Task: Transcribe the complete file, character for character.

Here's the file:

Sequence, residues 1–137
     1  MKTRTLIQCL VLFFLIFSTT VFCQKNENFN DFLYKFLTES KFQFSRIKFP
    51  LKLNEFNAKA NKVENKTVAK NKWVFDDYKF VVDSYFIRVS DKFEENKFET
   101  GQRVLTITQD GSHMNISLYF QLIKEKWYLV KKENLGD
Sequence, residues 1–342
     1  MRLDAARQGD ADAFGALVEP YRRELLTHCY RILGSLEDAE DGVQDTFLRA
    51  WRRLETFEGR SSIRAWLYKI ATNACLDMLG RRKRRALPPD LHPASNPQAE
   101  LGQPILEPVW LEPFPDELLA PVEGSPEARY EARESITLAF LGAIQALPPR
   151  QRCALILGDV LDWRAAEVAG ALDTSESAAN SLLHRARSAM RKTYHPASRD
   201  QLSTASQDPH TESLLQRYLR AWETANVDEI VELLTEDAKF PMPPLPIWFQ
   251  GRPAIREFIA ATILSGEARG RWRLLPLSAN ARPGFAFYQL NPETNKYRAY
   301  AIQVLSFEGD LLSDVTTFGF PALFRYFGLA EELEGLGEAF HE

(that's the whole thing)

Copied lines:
Sequence, residues 1–137
     1  MKTRTLIQCL VLFFLIFSTT VFCQKNENFN DFLYKFLTES KFQFSRIKFP
    51  LKLNEFNAKA NKVENKTVAK NKWVFDDYKF VVDSYFIRVS DKFEENKFET
   101  GQRVLTITQD GSHMNISLYF QLIKEKWYLV KKENLGD
Sequence, residues 1–342
     1  MRLDAARQGD ADAFGALVEP YRRELLTHCY RILGSLEDAE DGVQDTFLRA
    51  WRRLETFEGR SSIRAWLYKI ATNACLDMLG RRKRRALPPD LHPASNPQAE
   101  LGQPILEPVW LEPFPDELLA PVEGSPEARY EARESITLAF LGAIQALPPR
   151  QRCALILGDV LDWRAAEVAG ALDTSESAAN SLLHRARSAM RKTYHPASRD
   201  QLSTASQDPH TESLLQRYLR AWETANVDEI VELLTEDAKF PMPPLPIWFQ
   251  GRPAIREFIA ATILSGEARG RWRLLPLSAN ARPGFAFYQL NPETNKYRAY
   301  AIQVLSFEGD LLSDVTTFGF PALFRYFGLA EELEGLGEAF HE